[A2k] From bad to worse: the del Castillo Report on the European Electronic Communication Code
La Quadrature du Net
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Wed Mar 22 05:46:20 PDT 2017
TAGS : EUROPEAN ELECTRONIC CODE OF COMMUNICATIONS, PILAR DEL CASTILLO,
La Quadrature du Net -- For immediate release
FROM BAD TO WORSE: THE DEL CASTILLO REPORT ON THE EUROPEAN ELECTRONIC
Paris, 22 March 2017 -- THE RAPPORTEUR FOR THE EUROPEAN PARLIAMENT ON THE
EUROPEAN ELECTRONIC COMMUNICATION CODE INTENDS TO MAKE EUROPE RETREAT FROM
THE WAY TO A FREE, DEVELOPED, FAIR DIGITAL SOCIETY.
To understand what it's about, let's step back a little.
Since 2002, the regulation of telecommunication has been based on a group
of European directives called "the telecom package". The second revision of
this package (the first was in 2009) began in September 2016 with the
publication by the European Commission of a draft bill for a European Code
of Electronic Communication . This massive bill  of more than a
hundred articles aims to recast and reform the current telecom package. It
is now being negotiated at the Council of the European Union, and a report
just had been published at the European Parliament. This report published
by the MEP Pilar del Castillo (ES - EPP)  will be discussed in the
Our work on Telecom Package on the wiki
THE BILL OF THE COMMISSION, A BILL FOR A TELECOMS OLIGARCHY
We support the Commission' stated objective: to offer very high speed
connectivity, based on optical fibre, to all European citizens. That is
obvious. However, we discuss how to arrive there. The Commission's bill is
a bill for oligopolies, a bill for the big ones, the three or four large
operators in each country, a bill at the expense of the small ones. We knew
that this Commission couldn't come up with a bill favorable for citizens.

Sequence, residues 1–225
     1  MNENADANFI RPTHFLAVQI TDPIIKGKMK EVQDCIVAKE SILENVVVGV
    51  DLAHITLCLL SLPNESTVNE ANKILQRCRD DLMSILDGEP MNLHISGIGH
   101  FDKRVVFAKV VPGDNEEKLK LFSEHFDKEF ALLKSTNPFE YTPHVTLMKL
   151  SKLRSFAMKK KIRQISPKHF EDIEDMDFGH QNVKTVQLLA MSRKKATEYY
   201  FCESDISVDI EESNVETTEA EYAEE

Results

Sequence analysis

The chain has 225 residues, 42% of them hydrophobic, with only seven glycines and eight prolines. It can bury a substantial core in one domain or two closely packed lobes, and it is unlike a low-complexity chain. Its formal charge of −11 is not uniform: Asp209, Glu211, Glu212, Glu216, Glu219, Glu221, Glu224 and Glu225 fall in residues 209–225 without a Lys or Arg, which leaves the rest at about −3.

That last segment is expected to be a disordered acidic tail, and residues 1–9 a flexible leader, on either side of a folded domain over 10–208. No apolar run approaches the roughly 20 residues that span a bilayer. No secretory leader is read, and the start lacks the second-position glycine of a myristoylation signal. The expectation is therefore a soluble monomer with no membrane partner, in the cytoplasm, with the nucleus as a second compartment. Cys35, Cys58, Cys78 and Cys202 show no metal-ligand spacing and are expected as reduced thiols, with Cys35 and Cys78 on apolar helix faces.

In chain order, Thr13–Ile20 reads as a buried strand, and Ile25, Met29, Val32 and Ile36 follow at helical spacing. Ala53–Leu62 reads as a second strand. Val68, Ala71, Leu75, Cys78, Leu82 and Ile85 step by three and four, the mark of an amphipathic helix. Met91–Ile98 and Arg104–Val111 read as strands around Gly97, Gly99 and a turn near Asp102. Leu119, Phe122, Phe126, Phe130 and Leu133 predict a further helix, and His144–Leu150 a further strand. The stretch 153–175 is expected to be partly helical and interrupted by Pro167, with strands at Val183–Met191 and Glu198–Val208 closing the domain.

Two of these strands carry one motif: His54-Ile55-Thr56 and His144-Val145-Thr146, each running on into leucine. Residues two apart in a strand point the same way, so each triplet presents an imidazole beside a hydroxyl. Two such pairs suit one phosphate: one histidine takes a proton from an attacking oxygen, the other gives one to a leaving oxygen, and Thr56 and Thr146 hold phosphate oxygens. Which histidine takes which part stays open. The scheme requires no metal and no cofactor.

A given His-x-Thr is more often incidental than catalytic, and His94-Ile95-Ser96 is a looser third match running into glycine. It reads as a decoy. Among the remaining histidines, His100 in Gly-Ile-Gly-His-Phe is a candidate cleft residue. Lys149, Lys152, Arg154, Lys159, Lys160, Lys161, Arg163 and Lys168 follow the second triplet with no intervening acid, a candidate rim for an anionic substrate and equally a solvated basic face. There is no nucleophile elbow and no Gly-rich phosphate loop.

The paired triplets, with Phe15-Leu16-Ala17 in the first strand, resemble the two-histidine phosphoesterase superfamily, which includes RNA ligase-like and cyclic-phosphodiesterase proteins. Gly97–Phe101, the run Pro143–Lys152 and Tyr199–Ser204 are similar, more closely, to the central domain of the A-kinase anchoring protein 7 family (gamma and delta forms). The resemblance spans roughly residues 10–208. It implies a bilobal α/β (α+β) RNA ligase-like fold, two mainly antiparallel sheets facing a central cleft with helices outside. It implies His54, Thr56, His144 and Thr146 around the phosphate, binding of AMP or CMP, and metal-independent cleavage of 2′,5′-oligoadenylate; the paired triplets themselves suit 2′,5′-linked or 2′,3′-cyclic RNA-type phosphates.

That is probably what, at the last minute, convinced it to assemble into
the communication, a collection of policies called "WIFI4EU", as a last
outburst before entirely forgetting citizens. As if Wi-Fi were no more than
an issue of money, dribbled from the fingers like a handout, and not a set
of liberties to conquer.
In the Commission's bill, citizens are not equal before the law. The
Universal Service Obligation  designed by the Commission makes persons
geographically isolated or in difficult situations into second-class
citizens. While "mainstream" citizens will benefit from very high-speed
Internet access, those benefiting from "Universal Service" will have only
"functional" access worthy of the ancient Minitel of 30 years ago. In
brief, for city-dwellers the very high-speed digital society, for rural
citizens the leftover scraps of a two-speed economy.
Networks are today a common good. Even according to the French national
electronic communication regulator Arcep, networks are "an infrastructure
of liberty" . The Commission is neglecting that when it closes the door
of the telecoms market to all the small actors who could build and nourish
the wealth of telecommunications.
This restrictive closure of the market is tangible in many ways.
Opposed to the demands of NetCommons , the Commission favored powerful
operators substantially by completely deregulating investment in the as-yet
undefined new network elements. It was the same when it proposed not to
regulate the structurally separated operators. The Commission also handed
operators a beautiful gift by offering them individual rights to radio
frequencies for 25 years while counting on the secondary frequency market